Coach Leo Totten recently sat down and shared his vision on weightlifting, strength training, and coaches’ education with Harvey Newton. Coach Totten has had a long and successful career as an athlete, a coach, an administrator, and an educator. He can be contacted at https://www.tottentraining.com/ or on Facebook.
The following is an edited version of the interview; the entire interview is available by listening to the one-hour podcast.
HN: Leo, you and I’ve been in the sport for a long time. I won’t give any exact numbers.
LT: That’s good.
HN: Please let the followers of SportsEdTV know of your background as a weightlifter, as a coach, and as an educator.
LT: First, my career as a weightlifter. I bought my first set of York weights when I was 12. York was about an hour from my house. I saw the weightlifters at the time training and I was just intrigued. It was Bob Bednarski, Tim Garcia, Tony Garcy, and Rick Holbrook, all those guys. I was this puny little 12-year old watching these guys lift and man, that was really cool.
After watching them, along with reading Strength & Health Magazine, I pretty much taught myself. I just basically learned the lifts from those magazines. Tommy Kono’s series, the ABCs of Weightlifting, the Iron Grapevine, the Lifter’s Corner, really piqued my interest in weightlifting. I coached myself. I didn’t have a coach and just kind of learned because I was fascinated with it. Going through high school I knew I’d really put on some muscle.
In high school, I competed in soccer, wrestling, and gymnastics. Lifting made me a better athlete. I competed for 17 years, ending with the 1984 Olympic Trials. I started teaching after graduating college where I majored in health and physical education. I coached soccer, gymnastics, swimming, and diving, along with tennis.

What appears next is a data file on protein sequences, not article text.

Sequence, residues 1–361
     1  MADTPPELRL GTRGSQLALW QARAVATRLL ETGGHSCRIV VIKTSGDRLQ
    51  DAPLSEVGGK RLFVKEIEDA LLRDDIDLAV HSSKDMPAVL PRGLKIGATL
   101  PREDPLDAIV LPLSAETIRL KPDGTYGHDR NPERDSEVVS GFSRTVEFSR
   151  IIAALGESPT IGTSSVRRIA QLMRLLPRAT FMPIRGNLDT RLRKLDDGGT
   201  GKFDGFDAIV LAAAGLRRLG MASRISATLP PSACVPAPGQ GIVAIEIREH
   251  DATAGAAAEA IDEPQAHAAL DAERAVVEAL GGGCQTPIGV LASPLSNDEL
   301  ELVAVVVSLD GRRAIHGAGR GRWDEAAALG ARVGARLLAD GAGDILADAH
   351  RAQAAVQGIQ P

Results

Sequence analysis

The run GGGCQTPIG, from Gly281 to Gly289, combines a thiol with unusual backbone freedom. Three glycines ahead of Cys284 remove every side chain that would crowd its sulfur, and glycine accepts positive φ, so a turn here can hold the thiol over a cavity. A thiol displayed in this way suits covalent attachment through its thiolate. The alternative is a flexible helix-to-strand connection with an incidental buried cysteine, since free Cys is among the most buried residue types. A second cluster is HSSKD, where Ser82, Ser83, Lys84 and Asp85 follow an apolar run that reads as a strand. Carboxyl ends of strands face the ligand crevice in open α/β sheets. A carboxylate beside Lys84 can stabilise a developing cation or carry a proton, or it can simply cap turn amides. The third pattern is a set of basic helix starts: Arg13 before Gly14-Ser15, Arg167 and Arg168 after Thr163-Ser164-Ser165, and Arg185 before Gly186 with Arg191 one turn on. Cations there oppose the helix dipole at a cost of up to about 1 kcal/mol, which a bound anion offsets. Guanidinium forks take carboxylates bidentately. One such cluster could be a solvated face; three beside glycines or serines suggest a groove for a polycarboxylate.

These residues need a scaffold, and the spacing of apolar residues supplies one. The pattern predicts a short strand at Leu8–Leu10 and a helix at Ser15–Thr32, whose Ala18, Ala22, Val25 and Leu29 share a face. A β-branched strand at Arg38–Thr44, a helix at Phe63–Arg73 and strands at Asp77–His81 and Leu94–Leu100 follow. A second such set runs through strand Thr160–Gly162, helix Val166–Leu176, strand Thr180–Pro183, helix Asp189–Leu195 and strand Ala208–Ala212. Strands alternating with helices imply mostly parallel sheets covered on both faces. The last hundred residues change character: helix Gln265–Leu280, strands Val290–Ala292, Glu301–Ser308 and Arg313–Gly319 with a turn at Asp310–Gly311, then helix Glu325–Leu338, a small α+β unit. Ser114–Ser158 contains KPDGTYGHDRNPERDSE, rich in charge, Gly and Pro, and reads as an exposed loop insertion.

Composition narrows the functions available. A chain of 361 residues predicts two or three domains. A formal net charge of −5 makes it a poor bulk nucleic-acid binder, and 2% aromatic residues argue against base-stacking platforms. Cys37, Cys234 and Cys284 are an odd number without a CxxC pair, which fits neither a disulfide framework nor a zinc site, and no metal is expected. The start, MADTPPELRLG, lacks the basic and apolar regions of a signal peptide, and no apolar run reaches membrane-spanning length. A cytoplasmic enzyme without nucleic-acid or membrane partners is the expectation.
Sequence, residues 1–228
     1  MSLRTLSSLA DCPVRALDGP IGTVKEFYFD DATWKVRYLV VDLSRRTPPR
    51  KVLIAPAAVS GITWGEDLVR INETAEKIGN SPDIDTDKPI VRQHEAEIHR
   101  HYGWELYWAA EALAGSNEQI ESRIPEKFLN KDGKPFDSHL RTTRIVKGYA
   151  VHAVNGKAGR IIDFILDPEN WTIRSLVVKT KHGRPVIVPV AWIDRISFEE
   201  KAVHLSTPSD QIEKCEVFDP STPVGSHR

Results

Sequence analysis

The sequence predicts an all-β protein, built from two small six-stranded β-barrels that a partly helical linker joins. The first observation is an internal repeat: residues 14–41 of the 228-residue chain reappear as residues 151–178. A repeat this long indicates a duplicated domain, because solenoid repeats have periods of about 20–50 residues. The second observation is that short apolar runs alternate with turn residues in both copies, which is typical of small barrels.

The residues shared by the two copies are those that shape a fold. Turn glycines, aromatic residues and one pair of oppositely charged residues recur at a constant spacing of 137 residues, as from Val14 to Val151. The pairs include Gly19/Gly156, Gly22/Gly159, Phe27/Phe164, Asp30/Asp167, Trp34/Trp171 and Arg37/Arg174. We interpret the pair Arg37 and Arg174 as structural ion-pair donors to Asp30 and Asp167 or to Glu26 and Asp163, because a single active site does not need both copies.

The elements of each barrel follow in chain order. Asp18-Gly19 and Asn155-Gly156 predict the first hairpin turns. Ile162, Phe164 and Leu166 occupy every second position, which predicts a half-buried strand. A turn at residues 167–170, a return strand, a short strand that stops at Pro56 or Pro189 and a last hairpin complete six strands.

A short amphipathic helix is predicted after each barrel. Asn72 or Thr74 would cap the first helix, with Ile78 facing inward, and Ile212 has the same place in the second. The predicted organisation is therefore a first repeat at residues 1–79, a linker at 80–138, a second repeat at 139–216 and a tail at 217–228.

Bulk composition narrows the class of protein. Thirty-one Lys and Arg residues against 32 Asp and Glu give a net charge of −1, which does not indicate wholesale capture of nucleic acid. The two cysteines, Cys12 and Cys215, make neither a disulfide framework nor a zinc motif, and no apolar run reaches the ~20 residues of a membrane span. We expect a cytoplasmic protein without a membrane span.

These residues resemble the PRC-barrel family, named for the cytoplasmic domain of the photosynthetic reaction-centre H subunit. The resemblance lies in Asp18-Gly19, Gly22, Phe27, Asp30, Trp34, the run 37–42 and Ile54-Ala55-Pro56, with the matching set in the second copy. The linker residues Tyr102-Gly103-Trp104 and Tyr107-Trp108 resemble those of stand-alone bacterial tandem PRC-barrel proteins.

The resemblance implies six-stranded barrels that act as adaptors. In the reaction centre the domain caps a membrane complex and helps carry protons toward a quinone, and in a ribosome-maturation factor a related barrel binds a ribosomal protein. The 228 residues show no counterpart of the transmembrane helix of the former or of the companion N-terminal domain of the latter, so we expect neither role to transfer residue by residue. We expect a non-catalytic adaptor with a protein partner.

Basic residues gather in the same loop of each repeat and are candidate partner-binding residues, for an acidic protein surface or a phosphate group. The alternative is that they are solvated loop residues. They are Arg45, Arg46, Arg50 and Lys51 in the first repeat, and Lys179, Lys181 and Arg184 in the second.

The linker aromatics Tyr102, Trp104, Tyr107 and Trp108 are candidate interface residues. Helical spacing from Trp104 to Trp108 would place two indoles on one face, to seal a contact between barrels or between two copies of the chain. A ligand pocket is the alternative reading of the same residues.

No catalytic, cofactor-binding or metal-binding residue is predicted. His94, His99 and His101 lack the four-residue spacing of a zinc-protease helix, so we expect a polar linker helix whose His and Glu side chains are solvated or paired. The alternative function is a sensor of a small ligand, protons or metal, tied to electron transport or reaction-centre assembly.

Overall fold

At the end of my career, I was coaching women’s volleyball. For all these sports I used the same process as with weightlifting. I read a lot, studied, went to clinics, etc. Heck, my last year of high school coaching we ended up winning states. Regardless of the sport, it’s all about coaching athletes. I have a passion for teaching and coaching. If you’re a good coach, you’re a good teacher.
HN: It’s interesting that today there is the possibility of being a weightlifting coach. In our day anyone called “coach” was simply a volunteer. Those times have changed.
LT: However, with the Internet and all the online coaching there are a lot of “experts” out there. Many market themselves really well. I know you and I are probably accused of being “old school.” And we are. We grew up with old school and old school works. That’s the bottom line.
HN: It’s interesting you mention online coaching. We have a blog from Bob Takano whose Los Angeles gym has had to temporarily close for the pandemic. I know he’s not a fan of online coaching. For some sports, it works well, but that’s another topic, another day. We at SportsEdTV have attracted a worldwide following. Many folks are interested in how to get started in weightlifting. As you know, we are a free, online resource that provides the greatest amount of information on dozens of sports.
LT: I really appreciate what you have done for years and I’ve been doing for a while now. SportsEdTV has really taken up the slack to make sure to provide sound, fundamental, proven education that actually works. It’s not just the latest fad that’s out there.
If I were a new lifter or a new coach just starting out I guarantee Bob Takano would be one that I would check. He’s got the vast experience of producing lifters as well as athletes in other sports. I’ve been doing this for a lot of years, but I don’t consider myself an expert. There’s so much information out there. The more you know, the more you realize you don’t know.
HN: Let’s talk about your Totten Training System (TTS). Please tell us about that operation, how it works, what your goals are. Initially, you focused much of your energy on presenting to strength and conditioning coaches. If someone were to look you up online, what do they learn about the Totten Training System?
LT: I put together all of the knowledge and experience that I’ve accrued over the years and get as much information out there as possible. I do a weekly article on technique. I want to thank SportsEdTV for providing some of the photo sequences used in my articles. I cover topics whether training for weightlifting or strength training for other sports where weightlifting type training helps.